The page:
Linear A has not yet been deciphered. Though examples of this script have been found all over Crete and on neighboring islands, there is not a large enough corpus of inscriptions to allow a successful decipherment. There have been many rather dubious claims at decipherment over the years. Another big problem lies in the fact that we do not know the underlying “Minoan” language, though we can guess at what it might have sounded like by substituting Linear B phonetic values for those of Linear A. Some probable place names, e.g. “KU-NI-SO” for Knossos and “I-DA” for Mount Ida, are recognizable, as is the word for “total,” “KU-RO.” The language of the tablets could be indigenous to the island of Crete, and will provide a fascinating window on the Bronze Age world if ever deciphered. Find out more about the phonetic translation of Linear A on this website.
The Minoans used Linear A from around 1800-1450 B.C., when the Mycenaeans apparently took over administrative control of the island of Crete.
The Phaistos Disk
The most enigmatic example of writing on Crete is surely the Phaistos disk. This stone disk was found during the excavations of the Minoan palace of Phaistos on the south side of the island. The disk is embossed with a series of repetitive characters which form what appear to be words, spiraling in towards the center of the disk. There is “writing” on both sides of the disk. This is the only example of this type of writing on the island or, indeed, in the world.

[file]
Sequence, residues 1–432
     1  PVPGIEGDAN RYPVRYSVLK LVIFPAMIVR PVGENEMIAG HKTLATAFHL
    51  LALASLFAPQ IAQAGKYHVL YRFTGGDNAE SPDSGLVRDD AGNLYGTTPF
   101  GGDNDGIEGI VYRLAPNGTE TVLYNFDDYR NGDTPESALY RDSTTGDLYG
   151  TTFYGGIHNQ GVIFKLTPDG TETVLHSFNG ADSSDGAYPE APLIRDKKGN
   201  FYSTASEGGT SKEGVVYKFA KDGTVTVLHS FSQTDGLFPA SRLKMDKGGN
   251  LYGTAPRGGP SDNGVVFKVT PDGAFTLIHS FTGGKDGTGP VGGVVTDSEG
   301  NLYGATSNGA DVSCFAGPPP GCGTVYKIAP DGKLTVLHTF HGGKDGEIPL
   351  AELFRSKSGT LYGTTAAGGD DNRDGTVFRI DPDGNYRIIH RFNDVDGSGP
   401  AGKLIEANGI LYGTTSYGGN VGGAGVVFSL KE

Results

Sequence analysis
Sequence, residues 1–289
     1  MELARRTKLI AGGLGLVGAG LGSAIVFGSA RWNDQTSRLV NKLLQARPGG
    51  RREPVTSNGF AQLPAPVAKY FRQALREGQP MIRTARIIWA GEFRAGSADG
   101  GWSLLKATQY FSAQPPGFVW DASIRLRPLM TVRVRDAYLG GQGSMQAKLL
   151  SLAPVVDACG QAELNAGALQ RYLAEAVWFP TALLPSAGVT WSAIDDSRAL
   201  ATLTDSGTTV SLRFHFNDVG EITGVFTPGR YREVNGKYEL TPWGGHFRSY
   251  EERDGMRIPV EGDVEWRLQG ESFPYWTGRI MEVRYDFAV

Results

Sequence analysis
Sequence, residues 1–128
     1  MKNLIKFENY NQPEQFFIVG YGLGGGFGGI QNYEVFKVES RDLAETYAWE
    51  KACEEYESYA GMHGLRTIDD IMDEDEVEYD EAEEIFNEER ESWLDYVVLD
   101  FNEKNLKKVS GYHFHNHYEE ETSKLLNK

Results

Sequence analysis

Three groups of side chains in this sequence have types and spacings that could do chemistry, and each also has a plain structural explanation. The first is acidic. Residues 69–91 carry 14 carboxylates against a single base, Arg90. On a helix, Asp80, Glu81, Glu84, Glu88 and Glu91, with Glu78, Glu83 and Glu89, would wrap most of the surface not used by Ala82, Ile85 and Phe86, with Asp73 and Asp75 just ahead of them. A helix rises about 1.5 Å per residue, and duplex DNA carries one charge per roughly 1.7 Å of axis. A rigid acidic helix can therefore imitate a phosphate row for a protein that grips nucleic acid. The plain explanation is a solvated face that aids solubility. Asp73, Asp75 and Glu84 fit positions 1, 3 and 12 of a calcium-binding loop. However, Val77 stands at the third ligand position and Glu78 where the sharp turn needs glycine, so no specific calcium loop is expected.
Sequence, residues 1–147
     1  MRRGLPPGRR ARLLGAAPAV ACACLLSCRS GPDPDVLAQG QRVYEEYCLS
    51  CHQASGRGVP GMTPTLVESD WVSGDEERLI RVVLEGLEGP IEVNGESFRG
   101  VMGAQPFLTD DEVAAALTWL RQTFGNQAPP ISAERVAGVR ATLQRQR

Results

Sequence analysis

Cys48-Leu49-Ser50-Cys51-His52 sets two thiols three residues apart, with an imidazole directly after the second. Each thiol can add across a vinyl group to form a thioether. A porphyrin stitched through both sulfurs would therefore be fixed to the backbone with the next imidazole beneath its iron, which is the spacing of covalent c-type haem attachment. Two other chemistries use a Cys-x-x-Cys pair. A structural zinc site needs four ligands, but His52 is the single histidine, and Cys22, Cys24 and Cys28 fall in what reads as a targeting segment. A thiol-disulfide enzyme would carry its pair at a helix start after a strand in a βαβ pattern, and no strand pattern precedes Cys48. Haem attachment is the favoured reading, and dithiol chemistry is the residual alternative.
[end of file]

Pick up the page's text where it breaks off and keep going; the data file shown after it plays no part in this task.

There are many theories as to what it might represent: a poem or ritual incantation, a prayer, or even a coded message from an alien civilization! As there is certainly not enough material to attempt a decipherment, perhaps we will never know. Of course, there have been many attempted decipherments, an inordinate number of which involve references to “phalluses” — though perhaps this says more about the would-be decipherers than the script of the disk itself.
As to the disk’s age, archaeologists have dated it to between 1800 and 1650 B.C. based on its find circumstances (the other objects it was found with). However, a definitive date cannot be given, since the Greek authorities refuse to grant permission for the thermoluminescence tests that would provide a definitive age for the disk. The reason? For all the speculation, wild theories, and alleged decipherments, it could one day turn out to be a hoax!
A big thank you to Ingrid of Experiments in Fiction one more time. Check out her blog if you’re interested in her poetry and her WIP!
If you enjoyed “Ancient Scripts of Crete,” read more articles about history!
Check out an overview of the ancient Minoans and catch some images of their beautiful artwork. Learn about Herodotus. And get a brief introduction to ancient Greek history itself and the time periods historians divide it into.
Find all historical articles in the That’s History archives.